While moving planets are behind many conjunctions, they often don’t do it alone. Earth’s orbital motion around the Sun helps move things along. This week’s event is a perfect example. Venus is currently moving away from Jupiter in the sky but not quickly enough to avoid the encounter. Each night, its apparent distance from the Sun decreases by small increments and the planet loses altitude. Meanwhile, Jupiter’s moving away from Venus, traveling east toward Regulus as it orbits around the Sun.

So how can they possibly get together? Earth to the rescue! Every day, our planet travels some 1.6 million miles in our orbit, completing 584 million miles in one year. We see this movement reflected in the rising and setting times of the stars and planets.

View of Earth’s orbit seen from above the northern hemisphere. As our planet moves to the left or counterclockwise around the Sun, the background constellations appear to drift to the right or westward. This causes constellations and planets in the western sky to gradually drop lower every night, while those in the east rise higher. Credit: Bob King

Every night, the stars rise four minutes earlier than the night before. Over days and weeks, the minutes accumulate into hours. When stars rise earlier in the east, those in the west set earlier. In time, all stars and planets drift westward due to Earth’s revolution around the Sun.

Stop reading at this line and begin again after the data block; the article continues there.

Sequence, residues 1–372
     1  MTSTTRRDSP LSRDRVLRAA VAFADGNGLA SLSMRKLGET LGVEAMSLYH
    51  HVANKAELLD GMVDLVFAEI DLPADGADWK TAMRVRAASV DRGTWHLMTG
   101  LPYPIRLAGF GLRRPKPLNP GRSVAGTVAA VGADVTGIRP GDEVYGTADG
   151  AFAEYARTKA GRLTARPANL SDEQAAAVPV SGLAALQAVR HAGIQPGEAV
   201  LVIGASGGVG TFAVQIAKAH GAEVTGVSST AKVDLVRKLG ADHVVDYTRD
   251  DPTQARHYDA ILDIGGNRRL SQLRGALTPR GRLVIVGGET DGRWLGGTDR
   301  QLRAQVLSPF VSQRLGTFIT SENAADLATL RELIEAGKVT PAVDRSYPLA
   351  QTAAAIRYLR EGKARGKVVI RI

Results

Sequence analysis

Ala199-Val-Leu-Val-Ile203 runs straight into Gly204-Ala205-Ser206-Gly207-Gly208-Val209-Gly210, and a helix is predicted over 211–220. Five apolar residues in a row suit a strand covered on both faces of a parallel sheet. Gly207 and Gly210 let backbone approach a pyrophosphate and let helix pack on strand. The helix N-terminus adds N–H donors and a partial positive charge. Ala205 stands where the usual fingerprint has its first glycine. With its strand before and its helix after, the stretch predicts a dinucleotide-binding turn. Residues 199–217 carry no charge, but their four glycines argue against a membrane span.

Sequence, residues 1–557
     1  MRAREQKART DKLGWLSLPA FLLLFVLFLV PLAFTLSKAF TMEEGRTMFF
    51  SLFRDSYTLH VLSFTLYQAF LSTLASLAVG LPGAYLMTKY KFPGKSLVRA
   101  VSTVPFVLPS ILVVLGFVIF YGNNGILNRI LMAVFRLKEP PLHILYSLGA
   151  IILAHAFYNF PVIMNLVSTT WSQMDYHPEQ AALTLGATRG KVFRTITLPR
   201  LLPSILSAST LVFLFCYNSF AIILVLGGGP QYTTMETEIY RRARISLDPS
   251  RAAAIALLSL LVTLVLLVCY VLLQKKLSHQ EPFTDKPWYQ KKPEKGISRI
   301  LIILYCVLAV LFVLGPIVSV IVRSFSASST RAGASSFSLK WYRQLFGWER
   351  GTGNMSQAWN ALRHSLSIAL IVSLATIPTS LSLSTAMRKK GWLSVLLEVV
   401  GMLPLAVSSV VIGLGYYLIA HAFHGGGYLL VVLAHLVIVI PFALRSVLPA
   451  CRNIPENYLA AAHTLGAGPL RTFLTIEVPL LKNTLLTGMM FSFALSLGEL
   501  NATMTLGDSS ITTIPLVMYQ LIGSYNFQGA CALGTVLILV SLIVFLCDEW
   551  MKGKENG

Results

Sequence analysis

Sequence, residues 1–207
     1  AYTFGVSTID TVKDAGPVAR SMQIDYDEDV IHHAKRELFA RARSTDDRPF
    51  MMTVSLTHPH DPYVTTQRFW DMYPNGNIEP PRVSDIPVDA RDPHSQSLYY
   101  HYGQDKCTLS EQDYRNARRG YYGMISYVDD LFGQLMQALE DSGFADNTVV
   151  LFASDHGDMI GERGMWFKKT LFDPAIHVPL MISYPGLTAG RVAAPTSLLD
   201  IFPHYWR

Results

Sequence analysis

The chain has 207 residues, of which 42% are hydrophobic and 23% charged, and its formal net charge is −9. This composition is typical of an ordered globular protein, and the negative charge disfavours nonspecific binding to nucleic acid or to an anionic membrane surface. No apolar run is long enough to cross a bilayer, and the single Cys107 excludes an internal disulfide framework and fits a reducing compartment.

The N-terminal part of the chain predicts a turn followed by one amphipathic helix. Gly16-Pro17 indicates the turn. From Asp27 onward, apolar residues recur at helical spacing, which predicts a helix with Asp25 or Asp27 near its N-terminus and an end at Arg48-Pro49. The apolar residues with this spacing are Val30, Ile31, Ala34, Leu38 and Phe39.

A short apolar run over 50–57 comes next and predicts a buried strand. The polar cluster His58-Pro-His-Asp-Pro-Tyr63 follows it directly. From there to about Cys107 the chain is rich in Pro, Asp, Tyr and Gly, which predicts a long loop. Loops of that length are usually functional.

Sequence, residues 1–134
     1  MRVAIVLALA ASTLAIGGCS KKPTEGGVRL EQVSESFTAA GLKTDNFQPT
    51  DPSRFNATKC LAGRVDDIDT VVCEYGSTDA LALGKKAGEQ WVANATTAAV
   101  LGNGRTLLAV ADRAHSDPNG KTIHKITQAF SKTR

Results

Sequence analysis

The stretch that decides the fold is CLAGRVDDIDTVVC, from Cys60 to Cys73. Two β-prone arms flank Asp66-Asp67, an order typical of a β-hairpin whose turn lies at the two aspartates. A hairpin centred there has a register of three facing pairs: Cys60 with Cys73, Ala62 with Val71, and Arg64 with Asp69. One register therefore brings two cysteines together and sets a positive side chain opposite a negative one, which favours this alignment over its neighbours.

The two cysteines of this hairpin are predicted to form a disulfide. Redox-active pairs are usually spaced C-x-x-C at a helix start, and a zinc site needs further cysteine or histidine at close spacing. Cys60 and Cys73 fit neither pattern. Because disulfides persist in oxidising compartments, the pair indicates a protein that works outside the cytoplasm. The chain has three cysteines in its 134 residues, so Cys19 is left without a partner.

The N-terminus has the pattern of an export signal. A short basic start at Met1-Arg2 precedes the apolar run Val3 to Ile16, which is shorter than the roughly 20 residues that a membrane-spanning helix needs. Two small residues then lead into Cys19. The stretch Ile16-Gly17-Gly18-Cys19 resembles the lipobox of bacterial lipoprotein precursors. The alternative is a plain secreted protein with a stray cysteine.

It’s this seasonal drift that “pushes” Jupiter westward to eventually overtake a reluctant Venus. Despite appearances, in this particular conjunction, both planets are really fleeing one another!

Johannes Kepler’s depiction of the conjunction of Mercury (left), Jupiter and Saturn shortly before Christmas in the year 1603. He believed a similar conjunction or series of conjunctions – the Christmas Star – may have heralded the birth of Christ.

We’re attuned to unusual planetary groupings just as our ancestors were. While they might have seen a planetary alignment as a portent of kingly succession or ill fortune in battle, we’re free to appreciate them for their sheer beauty. Not to say that some might still read a message or experience a personal revelation at the sight. There’s something in us that sees special meaning in celestial alignments. We’re good at sensing change in our environment, so we sit up and take notice when unusual sky events occur like eclipses, bright comets and close pairings of the Moon and planets.

Venus and Jupiter over the next few nights facing west at dusk. Times and separations shown for central North America at 10 p.m. CDT. 30 minutes of arc or 30′ equals one Full Moon diameter. Source: Stellarium